Frog Rescue - Complete (originally posted 8.30.08)

I live in Small Town, Texas. Actually, I live out in the county near Small Town, Texas. There are woods. And pastures. And all manner of critters, both wild and domesticated. Behind our house, we have what we fondly refer to as the pit of despair: an in-ground swimming pool. Since we bought our house in 2004, we have had to replace the pool pump three times. We are on a first name basis with the nice folks at the pool store. T keeps threatening to blow it up after the next malfunction (he's that kind of guy).

Anyhoo! Frogs. Last summer while we were gone to Colorado for three weeks, pool pump number three died. We returned home to a green lagoon teeming with wildlife. Specifically, frogs, from tadpoles on up. Hundreds of them. And mosquitoes! A 20,000 gallon vat of West Nile Virus! Yay!

I called my home-schooling friends and invited them over to catch tadpoles for a hands-on lesson of metamorphosis, then I called the pool people. They said they would send a guy out to take care of it. Imagine my surprise when I get home from the grocery store the next day to see the pit of despair has gone from swampy to foamy(!).

The pool guy had come and fixed the pump and dumped some, I don't know - Agent Orange, maybe? - in. Oh, the humanity! It was a freaking frog holocaust. I totally wig out and scoop out as many as I can and rinse the frog death off of them in the baby pool. I saved maybe a dozen or two. The rest died a terrible death there in the pool and had to be scooped out of various pool orifices. So. much. trauma.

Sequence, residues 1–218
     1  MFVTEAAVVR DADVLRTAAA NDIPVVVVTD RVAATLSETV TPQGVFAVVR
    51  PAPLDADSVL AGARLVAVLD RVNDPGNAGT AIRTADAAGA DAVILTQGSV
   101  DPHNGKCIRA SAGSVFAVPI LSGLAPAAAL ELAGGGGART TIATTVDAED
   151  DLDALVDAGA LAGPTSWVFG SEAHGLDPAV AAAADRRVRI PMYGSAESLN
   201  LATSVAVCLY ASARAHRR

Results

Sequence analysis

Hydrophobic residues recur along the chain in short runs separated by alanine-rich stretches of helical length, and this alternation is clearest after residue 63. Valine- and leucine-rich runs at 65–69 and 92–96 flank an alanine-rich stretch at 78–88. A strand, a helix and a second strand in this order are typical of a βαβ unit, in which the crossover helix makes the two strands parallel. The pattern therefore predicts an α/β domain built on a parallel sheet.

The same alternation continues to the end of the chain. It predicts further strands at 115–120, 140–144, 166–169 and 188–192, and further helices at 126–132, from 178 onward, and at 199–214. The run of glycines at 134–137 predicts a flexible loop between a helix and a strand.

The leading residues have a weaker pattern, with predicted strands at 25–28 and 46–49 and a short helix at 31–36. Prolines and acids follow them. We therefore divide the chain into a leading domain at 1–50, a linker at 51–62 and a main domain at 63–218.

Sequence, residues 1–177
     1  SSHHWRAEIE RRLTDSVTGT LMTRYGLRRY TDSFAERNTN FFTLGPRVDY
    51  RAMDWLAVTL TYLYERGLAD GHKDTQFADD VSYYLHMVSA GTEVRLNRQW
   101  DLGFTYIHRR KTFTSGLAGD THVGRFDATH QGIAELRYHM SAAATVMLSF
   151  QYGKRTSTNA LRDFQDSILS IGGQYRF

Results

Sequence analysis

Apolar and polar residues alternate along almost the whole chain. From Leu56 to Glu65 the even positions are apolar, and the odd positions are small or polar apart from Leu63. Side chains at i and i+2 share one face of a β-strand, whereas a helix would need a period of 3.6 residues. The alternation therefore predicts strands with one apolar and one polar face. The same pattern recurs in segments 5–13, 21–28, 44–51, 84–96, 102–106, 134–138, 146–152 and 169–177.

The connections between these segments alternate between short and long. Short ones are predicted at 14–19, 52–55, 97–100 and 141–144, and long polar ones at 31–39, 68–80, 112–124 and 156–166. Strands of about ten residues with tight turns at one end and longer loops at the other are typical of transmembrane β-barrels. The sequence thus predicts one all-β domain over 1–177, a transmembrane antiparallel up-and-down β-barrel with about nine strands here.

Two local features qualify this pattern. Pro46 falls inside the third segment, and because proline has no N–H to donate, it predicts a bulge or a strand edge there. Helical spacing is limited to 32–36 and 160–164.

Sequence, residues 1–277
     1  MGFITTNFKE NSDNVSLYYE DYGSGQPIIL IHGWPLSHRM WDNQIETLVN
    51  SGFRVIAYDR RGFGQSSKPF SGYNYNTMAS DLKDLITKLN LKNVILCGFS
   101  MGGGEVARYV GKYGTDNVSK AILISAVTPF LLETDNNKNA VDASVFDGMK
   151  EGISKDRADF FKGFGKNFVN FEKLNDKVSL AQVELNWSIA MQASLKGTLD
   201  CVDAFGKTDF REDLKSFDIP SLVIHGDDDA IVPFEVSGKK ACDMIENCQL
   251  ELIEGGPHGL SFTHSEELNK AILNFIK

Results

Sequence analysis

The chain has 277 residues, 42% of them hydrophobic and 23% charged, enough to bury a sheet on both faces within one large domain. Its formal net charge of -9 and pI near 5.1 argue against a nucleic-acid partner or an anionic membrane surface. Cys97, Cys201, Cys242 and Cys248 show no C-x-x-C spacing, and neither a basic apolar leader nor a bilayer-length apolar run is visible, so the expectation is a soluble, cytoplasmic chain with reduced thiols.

When we returned home from Colorado this summer, the pool was, predictably, green. And this year? Giant clumps of frog spawn (eggs). So before I called the pool people, I go on a frog rescuing mission. Because I? am humanitarian (amphibitarian?).

With my tiny aquarium net, I scooped out three groups of eggs, put them in a pitcher (ew! Bring on the bleach!), and drove them to the nearest pond, which, this being the country and all, was not very far. I released them and thought my duty was done. There was much patting of my own back and congratulating myself on averting another massacre.

Then today Z and I go out for a swim. She is paddling around on her little float and says, "Look, Mama! A tiny little frog!" And so it was.

Further inspection found it to be several tiny frogs, another clump of eggs, and a pair of giant frogs getting it on in the skimmer basket. Whee! Out came the tiny net, lather, rinse repeat. I am hoping that this will be the last round of frog refugees I have to transport. But if not, I have a net.

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